Case studies of Chinese acupuncture’s comprehensive effectiveness on knee pain

Case studies of Chinese acupuncture’s comprehensive effectiveness on knee pain Conventional Western medicine (CWM) and traditional Chinese medicine (TCM) have different approaches and lead to different practices in experimental design, research methodology, regulation, and standards. TCM emphasizes on the optimal or holistic health. In contrast, CWM is an allopathic medicine primarily based on anatomy, biology, biochemistry, molecular biology and modern technology, and rejects the concept of invisible substances and quantum entanglement. Consequently, CWM emphasizes on abnormal lab tests or obvious diseases. In the early 1970s, TCM and acupuncture quickly emerged as an alternative to CWM as Westerners explored new TCM concepts while questioning the side effects of CWM. Many countries accept traditional acupuncture as a legal alternative medical practice. Some CWM physicians nowadays are more enthusiastic and are receptive to learning and practicing acupuncture. The common goal of CWM and TCM is to enhance human health, but problems arise over differences in approach. As a response to some Western journal papers that failed to validate the real acupuncture effect because of their incorrect methodologies and their ignorance of the holistic acupuncture approaches, the authors hereby present a group of case studies to demonstrate the real and unique effects of genuine acupuncture. The objective was to explore the clinical effects of acupuncture for knee pain. Thirty-six patients with knee pain were divided into five groups based on age. Holistic TCM diagnosis was performed at the beginning of each case and then made a personalized acupuncture treatment prescription according to the root of illness found by the diagnosis. The symptoms and signs were recorded before and after every treatment, and the treatment effects were assessed based upon the self-reported feeling and the observed changes of the patient following the numeric rating scale (NRS). The results were summarized after the completion of the minimal 5 acupuncture treatments or the standard 10 acupuncture treatments. Among the 36 patients who participated in the cases studies, 17 patients reported a complete healing for knee pain (47.2%). About 60 kinds of illness other than knee pain were improved (98.9%) and the complete healing rate was about 44.2%. This leads to the conclusion that TCM acupuncture is remarkably effective in treating knee pain. TCM and CWM share a common goal in promoting the health of human being. The efficacy of TCM acupuncture in treating knee pain shouldn’t be denied or distorted. http://www.deepdyve.com/assets/images/DeepDyve-Logo-lg.png Journal of Acupuncture and Tuina Science Springer Journals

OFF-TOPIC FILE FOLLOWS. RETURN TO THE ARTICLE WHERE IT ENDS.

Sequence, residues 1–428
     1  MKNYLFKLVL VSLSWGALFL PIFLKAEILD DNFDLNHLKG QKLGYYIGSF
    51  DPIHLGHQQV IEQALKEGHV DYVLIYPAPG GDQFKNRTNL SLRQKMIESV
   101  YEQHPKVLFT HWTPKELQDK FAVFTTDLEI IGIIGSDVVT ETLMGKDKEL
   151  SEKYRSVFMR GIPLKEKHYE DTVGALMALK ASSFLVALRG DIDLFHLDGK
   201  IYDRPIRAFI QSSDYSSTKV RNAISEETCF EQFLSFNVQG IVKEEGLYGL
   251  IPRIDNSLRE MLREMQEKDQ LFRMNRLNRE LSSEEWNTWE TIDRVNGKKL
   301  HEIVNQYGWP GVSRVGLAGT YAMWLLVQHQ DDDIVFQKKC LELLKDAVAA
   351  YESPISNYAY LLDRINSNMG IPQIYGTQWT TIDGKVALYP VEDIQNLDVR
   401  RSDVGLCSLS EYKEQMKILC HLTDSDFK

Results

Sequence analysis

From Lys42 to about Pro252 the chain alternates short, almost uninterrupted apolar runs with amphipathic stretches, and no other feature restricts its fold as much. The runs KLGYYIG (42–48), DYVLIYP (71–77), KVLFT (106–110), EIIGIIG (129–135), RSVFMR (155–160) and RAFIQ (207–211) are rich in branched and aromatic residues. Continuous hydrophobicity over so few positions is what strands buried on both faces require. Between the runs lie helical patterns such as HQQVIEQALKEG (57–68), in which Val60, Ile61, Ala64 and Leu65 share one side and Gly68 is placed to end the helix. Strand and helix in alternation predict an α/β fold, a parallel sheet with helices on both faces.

Case studies of Chinese acupuncture’s comprehensive effectiveness on knee pain

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Publisher
Springer Berlin Heidelberg
Copyright
Copyright © 2017 by Shanghai Research Institute of Acupuncture and Meridian and Springer-Verlag GmbH Germany
Subject
Medicine & Public Health; Acupuncture
ISSN
1672-3597
eISSN
1993-0399
D.O.I.
10.1007/s11726-017-1012-0
Publisher site
See Article on Publisher Site

Abstract

Conventional Western medicine (CWM) and traditional Chinese medicine (TCM) have different approaches and lead to different practices in experimental design, research methodology, regulation, and standards. TCM emphasizes on the optimal or holistic health. In contrast, CWM is an allopathic medicine primarily based on anatomy, biology, biochemistry, molecular biology and modern technology, and rejects the concept of invisible substances and quantum entanglement. Consequently, CWM emphasizes on abnormal lab tests or obvious diseases. In the early 1970s, TCM and acupuncture quickly emerged as an alternative to CWM as Westerners explored new TCM concepts while questioning the side effects of CWM. Many countries accept traditional acupuncture as a legal alternative medical practice. Some CWM physicians nowadays are more enthusiastic and are receptive to learning and practicing acupuncture. The common goal of CWM and TCM is to enhance human health, but problems arise over differences in approach. As a response to some Western journal papers that failed to validate the real acupuncture effect because of their incorrect methodologies and their ignorance of the holistic acupuncture approaches, the authors hereby present a group of case studies to demonstrate the real and unique effects of genuine acupuncture. The objective was to explore the clinical effects of acupuncture for knee pain. Thirty-six patients with knee pain were divided into five groups based on age. Holistic TCM diagnosis was performed at the beginning of each case and then made a personalized acupuncture treatment prescription according to the root of illness found by the diagnosis. The symptoms and signs were recorded before and after every treatment, and the treatment effects were assessed based upon the self-reported feeling and the observed changes of the patient following the numeric rating scale (NRS). The results were summarized after the completion of the minimal 5 acupuncture treatments or the standard 10 acupuncture treatments. Among the 36 patients who participated in the cases studies, 17 patients reported a complete healing for knee pain (47.2%). About 60 kinds of illness other than knee pain were improved (98.9%) and the complete healing rate was about 44.2%. This leads to the conclusion that TCM acupuncture is remarkably effective in treating knee pain. TCM and CWM share a common goal in promoting the health of human being. The efficacy of TCM acupuncture in treating knee pain shouldn’t be denied or distorted.

Journal

Journal of Acupuncture and Tuina ScienceSpringer Journals

Published: Aug 15, 2017

References

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